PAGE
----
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Attention Single Men Looking For Love And/Or To Get Their Hedge Fund Off The Ground: Westchester Divorcée's Got What You Need

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From Forbes: "In a 15-page complaint filed in Manhattan’s New York state court earlier this week, Simon accuses his wife, Linda Simon, of hacking into a password-protected Twin Capital computer located in the Simon’s home in Purchase, N.Y. and duplicating the hard-drive. The lawsuit claims that the hacking took place shortly after Simon had vacated the residence in late July and Linda Simon initiated divorce proceedings in New York state court...“Highly confidential financial records, intellectual property, trade secrets, and attorney-client communications were unlawfully stolen,” a court document filed by Twin Capital Management says. “Continued possession and use of the highly confidential materials they stole from Twin Capital is likely to cause substantial damage to Twin Capital.” Simon’s Twin Capital says it is suing for $25 million and the return of all the materials copied from the computer."

So, what is Linda planning on doing with these trade secrets?

a) Blowing up her husband's firm's spot
b) Starting her own hedge fund
c) Selling them to John Paulson
d) Printing out hard copies of everything, highlight and marking up various spots with the words "smells like a ponzi scheme to me!" before sending it to the SEC
e) Bringing them as her contribution to Patty Cohen's book club
f) Keeping them until he looks her in the face and admits that he was, in fact, masturbating to this video and not just "limbering up"
g) Other

New York Hedge Fund Manager Claims His Wife Hacked His Computer And Stole Trading Secrets [Forbes via BI]



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Highland Capital Management Founder Sees Your Hiding Of Assets And Raises You A Megalomaniacal Prick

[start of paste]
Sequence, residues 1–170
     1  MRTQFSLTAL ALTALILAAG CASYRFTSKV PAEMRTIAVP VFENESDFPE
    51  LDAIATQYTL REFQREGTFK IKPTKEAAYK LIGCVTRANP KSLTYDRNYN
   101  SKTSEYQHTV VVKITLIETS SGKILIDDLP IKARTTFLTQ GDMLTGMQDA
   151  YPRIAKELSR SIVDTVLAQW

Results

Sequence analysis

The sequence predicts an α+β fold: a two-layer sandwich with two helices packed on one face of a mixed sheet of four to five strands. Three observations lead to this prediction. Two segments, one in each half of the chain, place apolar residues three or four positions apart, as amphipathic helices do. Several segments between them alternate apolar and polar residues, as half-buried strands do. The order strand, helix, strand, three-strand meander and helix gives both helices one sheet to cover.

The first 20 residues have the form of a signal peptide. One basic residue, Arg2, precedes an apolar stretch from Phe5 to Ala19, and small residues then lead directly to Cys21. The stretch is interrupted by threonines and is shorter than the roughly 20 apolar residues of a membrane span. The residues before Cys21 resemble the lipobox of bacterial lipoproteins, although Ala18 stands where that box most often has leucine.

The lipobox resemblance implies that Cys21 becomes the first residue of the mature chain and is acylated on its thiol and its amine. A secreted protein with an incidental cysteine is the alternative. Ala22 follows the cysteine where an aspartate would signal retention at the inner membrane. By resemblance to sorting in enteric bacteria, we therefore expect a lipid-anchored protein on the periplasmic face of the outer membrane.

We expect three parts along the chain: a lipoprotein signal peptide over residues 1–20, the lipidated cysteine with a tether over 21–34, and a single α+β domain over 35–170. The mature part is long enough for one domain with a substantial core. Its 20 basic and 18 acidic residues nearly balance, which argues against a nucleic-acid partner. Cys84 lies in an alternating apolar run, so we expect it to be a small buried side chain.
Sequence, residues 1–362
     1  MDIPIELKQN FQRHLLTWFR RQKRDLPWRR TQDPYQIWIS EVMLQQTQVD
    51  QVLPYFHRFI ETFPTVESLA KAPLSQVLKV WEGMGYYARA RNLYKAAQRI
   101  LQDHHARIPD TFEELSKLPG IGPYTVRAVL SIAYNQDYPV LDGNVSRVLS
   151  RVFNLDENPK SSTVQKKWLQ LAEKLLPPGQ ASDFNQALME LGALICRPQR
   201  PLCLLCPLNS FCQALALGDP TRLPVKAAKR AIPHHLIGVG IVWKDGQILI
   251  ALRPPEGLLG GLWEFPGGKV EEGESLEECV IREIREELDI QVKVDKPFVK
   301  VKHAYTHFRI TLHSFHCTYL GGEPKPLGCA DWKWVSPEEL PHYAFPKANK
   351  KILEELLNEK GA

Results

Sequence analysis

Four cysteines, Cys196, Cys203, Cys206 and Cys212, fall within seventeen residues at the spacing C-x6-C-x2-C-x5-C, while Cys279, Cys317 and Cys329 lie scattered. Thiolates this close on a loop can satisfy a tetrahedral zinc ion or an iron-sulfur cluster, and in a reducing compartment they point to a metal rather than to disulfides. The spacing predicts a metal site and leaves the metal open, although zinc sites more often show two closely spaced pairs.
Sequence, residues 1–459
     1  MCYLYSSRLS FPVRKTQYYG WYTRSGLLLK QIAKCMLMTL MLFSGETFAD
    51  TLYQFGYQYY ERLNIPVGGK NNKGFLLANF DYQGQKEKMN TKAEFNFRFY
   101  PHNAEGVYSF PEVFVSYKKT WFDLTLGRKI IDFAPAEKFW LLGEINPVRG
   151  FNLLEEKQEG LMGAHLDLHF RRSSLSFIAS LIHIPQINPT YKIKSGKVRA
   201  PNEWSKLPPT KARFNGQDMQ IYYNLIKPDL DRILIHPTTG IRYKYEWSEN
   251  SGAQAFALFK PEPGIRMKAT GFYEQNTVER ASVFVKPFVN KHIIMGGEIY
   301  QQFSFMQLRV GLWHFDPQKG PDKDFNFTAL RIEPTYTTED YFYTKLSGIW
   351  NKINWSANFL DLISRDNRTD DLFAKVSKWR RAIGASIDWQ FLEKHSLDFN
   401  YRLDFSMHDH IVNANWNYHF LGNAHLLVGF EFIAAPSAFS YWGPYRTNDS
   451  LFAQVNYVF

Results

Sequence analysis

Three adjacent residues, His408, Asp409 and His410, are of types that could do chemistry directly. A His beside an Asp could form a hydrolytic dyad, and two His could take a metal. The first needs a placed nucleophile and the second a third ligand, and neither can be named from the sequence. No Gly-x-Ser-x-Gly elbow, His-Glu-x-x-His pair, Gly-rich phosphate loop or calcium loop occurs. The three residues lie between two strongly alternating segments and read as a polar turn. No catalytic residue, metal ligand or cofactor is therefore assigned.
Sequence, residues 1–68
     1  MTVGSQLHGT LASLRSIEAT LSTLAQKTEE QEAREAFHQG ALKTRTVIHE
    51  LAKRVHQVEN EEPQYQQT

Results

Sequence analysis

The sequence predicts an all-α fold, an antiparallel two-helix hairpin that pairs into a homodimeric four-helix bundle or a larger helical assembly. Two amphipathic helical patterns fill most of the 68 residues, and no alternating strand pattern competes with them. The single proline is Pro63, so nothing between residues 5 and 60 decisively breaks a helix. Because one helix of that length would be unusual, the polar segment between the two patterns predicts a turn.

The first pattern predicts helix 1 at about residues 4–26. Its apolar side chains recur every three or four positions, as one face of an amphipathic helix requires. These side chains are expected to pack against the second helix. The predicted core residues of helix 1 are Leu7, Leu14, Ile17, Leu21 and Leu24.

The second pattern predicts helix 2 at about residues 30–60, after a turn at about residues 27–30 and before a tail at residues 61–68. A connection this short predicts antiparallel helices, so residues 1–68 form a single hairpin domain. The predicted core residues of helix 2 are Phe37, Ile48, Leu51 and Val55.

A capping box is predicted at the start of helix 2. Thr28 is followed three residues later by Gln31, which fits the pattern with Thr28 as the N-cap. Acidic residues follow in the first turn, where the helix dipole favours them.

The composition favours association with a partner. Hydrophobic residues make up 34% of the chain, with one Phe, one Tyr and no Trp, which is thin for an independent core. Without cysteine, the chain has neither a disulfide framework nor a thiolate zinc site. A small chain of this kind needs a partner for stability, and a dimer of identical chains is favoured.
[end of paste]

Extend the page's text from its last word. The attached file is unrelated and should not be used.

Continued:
As some of you may recall, back in March, Highland Capital Management founder and CEO James Dondero testified that he is "insolvent under Texas family law, if not according to normal accounting rules," despite a 2010 tax return showing his adjusted gross income that year to be in excess of $36 million. The reason his finances were in question was because Dondero filed for divorce in September, and how much he owes his wife Becky is currently in dispute. Becky is "seeking enforcement of a prenuptial agreement guaranteeing her half of the couple’s community property, capped at $5 million," plus "spousal support and interim attorney fees." James, perhaps you can glean, is hoping it will be less than that and perhaps even nothing. One thing that really didn't help? Patrick Daugherty, a former senior portfolio manager at Highland who quit in October, testified that he met with James Dondero for drinks last month. “He told me his plan was to get his net worth down and pay her as little as possible,” said Daugherty, who was called to the stand by Becky Dondero. That testimony was given on March 28th. On April 11, this happened: Highland Capital Management, the $20 billion hedge fund and private equity firm based in Dallas, has launched a lawsuit that calls its former private equity investing chief a “megalomaniacal” manager who engaged in “abusive tirades” that “dehumanized employees.” Patrick Daugherty is the former head of stressed special situations and private equity at Highland Capital Management, where he was responsible for $8 billion of assets until he resigned in September 2011. Known as a blunt-speaking Texan, Daugherty has served on the board of Metro-Goldwyn-Mayer and as chairman of companies like Cornerstone Health Group. According to a 14-page complaint Highland filed in Texas state court in Dallas earlier in April, Daugherty has been paid in excess of $26 million while at the firm, but voluntarily resigned after “Highland refused to accede to his unacceptable ultimatums and megalomaniacal demands regarding compensation.” The lawsuit claims that Daugherty was “belligerent to peers” and that Highland employees complained and even quit after Daugherty publicly berated them as “‘f—ing idiots’” and disparaged them using other vulgarities. Highland, which has a reputation in the investment community for using hard-hitting tactics, pulls no punches in a lawsuit that at times can appear cruel. It claims that Daugherty’s tenure at Highland was characterized by extreme behavior and his performance diminished over the years as he “became increasingly unmanageable, erratic, and insubordinate.” It didn't have to be this way, Patrick! $20 Billion Highland Capital Calls Former Private Equity Chief "Megalomaniacal" [Forbes]